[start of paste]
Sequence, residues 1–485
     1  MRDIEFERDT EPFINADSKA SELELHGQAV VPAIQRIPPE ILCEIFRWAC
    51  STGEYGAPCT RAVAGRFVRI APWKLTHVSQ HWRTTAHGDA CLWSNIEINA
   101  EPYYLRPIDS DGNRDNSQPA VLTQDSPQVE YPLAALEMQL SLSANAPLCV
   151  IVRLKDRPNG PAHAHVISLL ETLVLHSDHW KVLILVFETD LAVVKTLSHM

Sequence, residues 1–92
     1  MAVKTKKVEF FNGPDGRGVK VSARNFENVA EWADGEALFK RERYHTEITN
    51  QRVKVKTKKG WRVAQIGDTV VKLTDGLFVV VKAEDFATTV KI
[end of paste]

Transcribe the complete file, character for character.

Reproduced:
Sequence, residues 1–485
     1  MRDIEFERDT EPFINADSKA SELELHGQAV VPAIQRIPPE ILCEIFRWAC
    51  STGEYGAPCT RAVAGRFVRI APWKLTHVSQ HWRTTAHGDA CLWSNIEINA
   101  EPYYLRPIDS DGNRDNSQPA VLTQDSPQVE YPLAALEMQL SLSANAPLCV
   151  IVRLKDRPNG PAHAHVISLL ETLVLHSDHW KVLILVFETD LAVVKTLSHM

Sequence, residues 1–92
     1  MAVKTKKVEF FNGPDGRGVK VSARNFENVA EWADGEALFK RERYHTEITN
    51  QRVKVKTKKG WRVAQIGDTV VKLTDGLFVV VKAEDFATTV KI